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Impact of anxiety disorders and personality dysfunction in pregnancy on mother-infant interactions

Mother-baby-smiling-webThe impact of anxiety disorders and personality dysfunction in pregnancy on mother-infant interactions

Research has shown that depression in pregnancy can be associated with problems in mother-infant interaction. Such difficulties may lead to adverse emotional and behavioural outcomes in children. However, other than depression, there has been little work on mental disorders such as anxiety disorders or personality dysfunction during pregnancy. This has been highlighted as a research area needing attention and perinatal mental health services are currently being prioritised by NHS England. 

The aim of this project is to examine mother-infant interactions in women with anxiety disorders and personality dysfunction in pregnancy compared with a cohort of women with no mental disorder. The study population will be recruited from a representative cohort of pregnant women taking part in the 3 month postnatal follow of the WENDY study.

We plan to measure a 5-minute mother-infant free-play session; thus we will be able to investigate whether anxiety and personality are associated with mother-infant interaction difficulties, adjusting for other potential risk factors already collected through pregnancy.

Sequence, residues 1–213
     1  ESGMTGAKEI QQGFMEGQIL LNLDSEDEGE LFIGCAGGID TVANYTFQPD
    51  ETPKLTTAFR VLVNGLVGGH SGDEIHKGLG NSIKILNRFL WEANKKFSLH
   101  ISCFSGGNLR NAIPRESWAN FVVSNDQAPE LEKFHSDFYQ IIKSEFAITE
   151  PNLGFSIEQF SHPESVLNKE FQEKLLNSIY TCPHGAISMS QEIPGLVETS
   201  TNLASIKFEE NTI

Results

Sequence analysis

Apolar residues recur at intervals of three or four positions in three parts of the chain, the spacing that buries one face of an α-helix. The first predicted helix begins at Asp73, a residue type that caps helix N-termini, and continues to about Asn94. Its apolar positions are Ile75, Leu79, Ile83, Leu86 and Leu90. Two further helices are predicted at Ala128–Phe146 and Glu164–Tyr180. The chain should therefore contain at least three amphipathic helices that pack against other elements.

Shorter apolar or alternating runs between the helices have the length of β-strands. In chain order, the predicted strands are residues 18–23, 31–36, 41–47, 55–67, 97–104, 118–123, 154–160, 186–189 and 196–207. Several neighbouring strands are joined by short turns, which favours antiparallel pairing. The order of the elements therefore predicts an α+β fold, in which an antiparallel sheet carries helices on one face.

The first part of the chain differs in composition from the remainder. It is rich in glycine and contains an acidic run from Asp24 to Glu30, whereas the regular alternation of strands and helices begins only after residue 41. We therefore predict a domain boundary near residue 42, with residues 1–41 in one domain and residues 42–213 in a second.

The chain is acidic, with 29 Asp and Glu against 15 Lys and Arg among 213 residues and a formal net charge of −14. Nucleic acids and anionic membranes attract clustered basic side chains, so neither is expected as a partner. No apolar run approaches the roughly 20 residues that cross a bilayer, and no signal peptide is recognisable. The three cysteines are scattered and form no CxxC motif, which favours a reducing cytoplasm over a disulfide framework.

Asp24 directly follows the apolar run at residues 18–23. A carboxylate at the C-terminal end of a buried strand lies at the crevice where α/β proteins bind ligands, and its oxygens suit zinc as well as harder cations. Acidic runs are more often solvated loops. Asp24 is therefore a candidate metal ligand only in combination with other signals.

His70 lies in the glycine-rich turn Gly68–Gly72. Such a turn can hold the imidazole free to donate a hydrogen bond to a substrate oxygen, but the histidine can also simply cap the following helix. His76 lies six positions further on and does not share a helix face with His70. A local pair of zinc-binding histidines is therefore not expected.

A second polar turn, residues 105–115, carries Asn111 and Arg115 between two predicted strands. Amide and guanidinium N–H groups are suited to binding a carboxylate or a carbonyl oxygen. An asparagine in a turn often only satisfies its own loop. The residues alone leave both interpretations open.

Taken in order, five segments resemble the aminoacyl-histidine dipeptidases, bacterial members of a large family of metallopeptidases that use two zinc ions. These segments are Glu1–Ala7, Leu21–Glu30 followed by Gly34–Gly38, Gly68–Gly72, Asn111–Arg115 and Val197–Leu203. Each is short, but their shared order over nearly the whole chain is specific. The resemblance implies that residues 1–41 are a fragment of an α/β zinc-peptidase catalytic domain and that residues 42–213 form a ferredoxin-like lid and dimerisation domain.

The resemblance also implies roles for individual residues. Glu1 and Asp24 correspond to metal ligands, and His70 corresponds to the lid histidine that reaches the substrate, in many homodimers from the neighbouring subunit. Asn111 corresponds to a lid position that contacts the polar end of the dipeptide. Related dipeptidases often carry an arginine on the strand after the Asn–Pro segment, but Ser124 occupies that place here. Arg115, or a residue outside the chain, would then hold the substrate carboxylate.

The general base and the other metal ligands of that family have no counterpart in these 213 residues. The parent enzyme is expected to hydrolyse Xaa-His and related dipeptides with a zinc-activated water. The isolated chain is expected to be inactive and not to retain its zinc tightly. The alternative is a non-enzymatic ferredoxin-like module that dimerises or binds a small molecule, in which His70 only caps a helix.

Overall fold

If we find that anxiety disorders and/or personality difficulties are associated with mother-infant interaction problems at 3 months postnatal, antenatal identification of these problems could enable earlier interventions to be put in place during pregnancy by health and social care. This could support more positive mother-infant interaction and improve long-term child outcomes. Existing mother-child interventions suitable for the antenatal period could be adapted for these risk groups if we provide evidence for the nature of interaction difficulties. 

Who is involved? 

Acknowledgements

Nuffield-FoundationThe Nuffield Foundation is an endowed charitable trust that aims to improve social well-being in the widest sense. It funds research and innovation in education and social policy and also works to build capacity in education, science and social science research. The Nuffield Foundation has funded this project, but the views expressed are those of the authors and not necessarily those of the Foundation. More information is available at www.nuffieldfoundation.org. For specific details of the current project visit http://nuffieldfoundation.org/anxiety-disorders-personality-dysfunction-pregnancy.

The WENDY study is a part of the ESMI programme funded by the National Institute for Health Research’s Programme Grants for Applied Research (PGfAR) Programme

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